A 33-year-old named Ravi came to the clinic because he has difficulty swallowing food and water over the last 3 months. Physical examination shows significant weight loss, of 7-kg or 15-lb, since his last visit 4 months ago. Esophageal manometry shows incomplete lower esophageal sphincter relaxation in response to swallowing, while barium swallow reveals a dilated esophagus with an area of distal stenosis. At the same time, a 62-year-old man named Frank comes to the clinic because of bad breath, regurgitation of food overnight, and trouble swallowing food. He has had these symptoms for several months. He denies fever, chills, nausea, vomiting, or weight loss. Physical examination shows a mass on the side of the neck. v
Now, both Ravi and Frank have some form of the esophageal disorder. Esophageal disorders can be subdivided into: inflammatory esophageal disorders, or esophagitis, which are characterized by an inflammation of the esophageal lining along with dysphagia, and odynophagia; functional esophageal disorders, which affect the muscles and nerves that control the motility of the esophagus and cause intermittent dysphagia for solids and liquids; and mechanical esophageal disorders, which are characterized by the blockage of the passageway and they typically cause progressive dysphagia for solids.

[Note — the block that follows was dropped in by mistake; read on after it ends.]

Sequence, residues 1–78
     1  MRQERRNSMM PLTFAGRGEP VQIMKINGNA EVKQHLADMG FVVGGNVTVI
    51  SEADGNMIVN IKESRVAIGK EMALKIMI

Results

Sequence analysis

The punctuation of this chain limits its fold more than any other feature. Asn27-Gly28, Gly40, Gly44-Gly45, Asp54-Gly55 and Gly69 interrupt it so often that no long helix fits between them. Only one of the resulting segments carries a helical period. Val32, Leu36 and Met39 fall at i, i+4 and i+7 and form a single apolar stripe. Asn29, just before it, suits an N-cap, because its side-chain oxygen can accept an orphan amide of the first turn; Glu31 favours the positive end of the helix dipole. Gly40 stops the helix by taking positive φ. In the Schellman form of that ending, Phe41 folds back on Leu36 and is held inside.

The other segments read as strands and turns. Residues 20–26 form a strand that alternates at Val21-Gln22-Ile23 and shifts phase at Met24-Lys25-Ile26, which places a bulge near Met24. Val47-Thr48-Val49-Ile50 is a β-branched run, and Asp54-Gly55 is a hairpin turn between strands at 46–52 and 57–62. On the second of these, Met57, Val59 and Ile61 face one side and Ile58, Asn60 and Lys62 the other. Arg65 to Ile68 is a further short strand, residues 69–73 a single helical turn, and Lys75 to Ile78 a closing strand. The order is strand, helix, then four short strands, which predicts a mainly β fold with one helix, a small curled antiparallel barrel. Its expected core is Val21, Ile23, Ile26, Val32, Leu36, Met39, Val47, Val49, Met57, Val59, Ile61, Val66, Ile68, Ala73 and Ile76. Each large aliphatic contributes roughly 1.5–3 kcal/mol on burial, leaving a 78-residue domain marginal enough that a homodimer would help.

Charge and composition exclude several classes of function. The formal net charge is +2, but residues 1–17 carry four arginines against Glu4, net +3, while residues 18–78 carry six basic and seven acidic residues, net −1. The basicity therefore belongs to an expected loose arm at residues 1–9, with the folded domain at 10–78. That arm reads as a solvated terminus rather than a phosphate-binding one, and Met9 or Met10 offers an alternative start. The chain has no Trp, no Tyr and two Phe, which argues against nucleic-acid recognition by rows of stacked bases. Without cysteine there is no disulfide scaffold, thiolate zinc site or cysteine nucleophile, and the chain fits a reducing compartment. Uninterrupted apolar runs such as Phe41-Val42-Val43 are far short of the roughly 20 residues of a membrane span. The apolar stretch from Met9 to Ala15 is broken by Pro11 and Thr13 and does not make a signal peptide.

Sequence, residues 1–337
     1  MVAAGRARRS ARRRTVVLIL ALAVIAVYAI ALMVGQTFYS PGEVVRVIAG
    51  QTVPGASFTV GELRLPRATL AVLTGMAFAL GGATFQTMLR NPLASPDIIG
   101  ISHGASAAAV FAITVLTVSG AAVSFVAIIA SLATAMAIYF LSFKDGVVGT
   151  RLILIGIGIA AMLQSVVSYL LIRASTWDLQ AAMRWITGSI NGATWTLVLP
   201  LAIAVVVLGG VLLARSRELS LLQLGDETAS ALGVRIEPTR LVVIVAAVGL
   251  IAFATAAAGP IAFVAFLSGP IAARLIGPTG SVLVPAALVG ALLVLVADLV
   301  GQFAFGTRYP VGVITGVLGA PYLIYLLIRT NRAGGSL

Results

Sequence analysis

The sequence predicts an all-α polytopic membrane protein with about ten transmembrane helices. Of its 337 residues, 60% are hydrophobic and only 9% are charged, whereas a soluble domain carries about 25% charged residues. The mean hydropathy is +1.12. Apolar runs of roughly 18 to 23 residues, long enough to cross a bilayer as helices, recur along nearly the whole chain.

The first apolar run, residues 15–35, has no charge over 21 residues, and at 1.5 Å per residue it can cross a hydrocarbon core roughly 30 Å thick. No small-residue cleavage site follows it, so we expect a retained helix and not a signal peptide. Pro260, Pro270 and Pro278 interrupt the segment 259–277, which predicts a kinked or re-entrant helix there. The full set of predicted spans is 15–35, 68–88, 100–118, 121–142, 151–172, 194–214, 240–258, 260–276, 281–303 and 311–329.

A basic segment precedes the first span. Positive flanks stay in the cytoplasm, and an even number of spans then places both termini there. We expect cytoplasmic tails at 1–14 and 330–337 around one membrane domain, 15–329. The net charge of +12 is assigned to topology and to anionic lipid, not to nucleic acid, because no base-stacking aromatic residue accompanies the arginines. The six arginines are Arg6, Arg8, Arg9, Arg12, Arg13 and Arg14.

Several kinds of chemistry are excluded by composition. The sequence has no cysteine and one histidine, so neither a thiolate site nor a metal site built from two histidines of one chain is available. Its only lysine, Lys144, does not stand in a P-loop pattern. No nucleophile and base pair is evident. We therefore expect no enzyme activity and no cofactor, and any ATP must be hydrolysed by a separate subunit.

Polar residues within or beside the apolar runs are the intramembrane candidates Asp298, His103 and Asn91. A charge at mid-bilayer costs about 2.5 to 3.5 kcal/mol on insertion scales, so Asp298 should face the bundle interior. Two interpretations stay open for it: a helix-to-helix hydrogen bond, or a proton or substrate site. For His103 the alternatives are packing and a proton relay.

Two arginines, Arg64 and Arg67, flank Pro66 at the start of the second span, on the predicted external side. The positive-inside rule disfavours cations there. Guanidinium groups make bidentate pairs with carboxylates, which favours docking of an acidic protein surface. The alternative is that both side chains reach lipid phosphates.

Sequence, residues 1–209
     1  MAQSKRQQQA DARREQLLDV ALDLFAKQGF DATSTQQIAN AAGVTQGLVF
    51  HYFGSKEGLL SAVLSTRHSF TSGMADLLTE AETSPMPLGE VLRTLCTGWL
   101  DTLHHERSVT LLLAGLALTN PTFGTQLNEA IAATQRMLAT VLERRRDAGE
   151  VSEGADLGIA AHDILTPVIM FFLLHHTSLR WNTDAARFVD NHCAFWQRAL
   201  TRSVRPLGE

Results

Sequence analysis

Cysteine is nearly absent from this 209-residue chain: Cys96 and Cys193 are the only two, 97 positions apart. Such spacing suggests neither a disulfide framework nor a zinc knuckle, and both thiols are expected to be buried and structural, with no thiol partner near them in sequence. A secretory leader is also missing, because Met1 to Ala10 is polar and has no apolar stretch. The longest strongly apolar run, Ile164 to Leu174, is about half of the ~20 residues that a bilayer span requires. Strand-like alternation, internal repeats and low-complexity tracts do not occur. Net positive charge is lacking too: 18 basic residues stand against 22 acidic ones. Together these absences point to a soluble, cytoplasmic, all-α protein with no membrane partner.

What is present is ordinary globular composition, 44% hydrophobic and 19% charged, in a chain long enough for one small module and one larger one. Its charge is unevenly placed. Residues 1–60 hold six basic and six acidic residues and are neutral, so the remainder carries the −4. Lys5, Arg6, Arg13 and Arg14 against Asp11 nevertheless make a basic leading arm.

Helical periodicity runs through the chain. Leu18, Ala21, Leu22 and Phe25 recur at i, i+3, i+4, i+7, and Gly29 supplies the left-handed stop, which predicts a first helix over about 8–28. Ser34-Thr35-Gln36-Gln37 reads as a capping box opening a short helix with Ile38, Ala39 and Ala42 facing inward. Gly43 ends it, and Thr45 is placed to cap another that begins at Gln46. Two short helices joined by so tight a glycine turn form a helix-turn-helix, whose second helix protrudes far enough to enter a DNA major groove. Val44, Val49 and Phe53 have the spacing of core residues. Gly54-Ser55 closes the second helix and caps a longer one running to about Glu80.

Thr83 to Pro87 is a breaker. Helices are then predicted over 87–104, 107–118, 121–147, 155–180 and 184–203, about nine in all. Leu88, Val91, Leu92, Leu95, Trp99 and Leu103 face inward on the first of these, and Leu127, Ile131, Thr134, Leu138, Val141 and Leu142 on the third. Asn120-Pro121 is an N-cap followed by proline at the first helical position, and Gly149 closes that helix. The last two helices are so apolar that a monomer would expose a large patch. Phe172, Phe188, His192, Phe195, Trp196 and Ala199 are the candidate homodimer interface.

Inflammatory esophageal disorders, also known as esophagitis, are characterized by an inflammation of the esophageal lining and based on the cause, they are also subdivided into several types.
First, there’s reflux esophagitis, which is associated with the reflux of gastric acid from the stomach back into the esophagus. Alternatively, pill-induced esophagitis, where a medication injures the esophagus thereby causing inflammation and possible upper GI bleeding. It is associated with medications such as nonsteroidal anti-inflammatory drugs or NSAIDs, bisphosphonates, tetracyclines, iron, and potassium chloride. In caustic esophagitis, caustic agents, such as strong acids like vinegar or strong bases like detergents, cause esophageal lesions.